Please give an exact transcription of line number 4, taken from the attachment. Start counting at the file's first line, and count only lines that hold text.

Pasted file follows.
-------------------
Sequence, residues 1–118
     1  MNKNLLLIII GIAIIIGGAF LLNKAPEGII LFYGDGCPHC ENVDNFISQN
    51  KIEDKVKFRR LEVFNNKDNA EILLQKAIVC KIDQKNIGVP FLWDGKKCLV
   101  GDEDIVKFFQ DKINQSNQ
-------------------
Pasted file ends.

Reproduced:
   101  GDEDIVKFFQ DKINQSNQ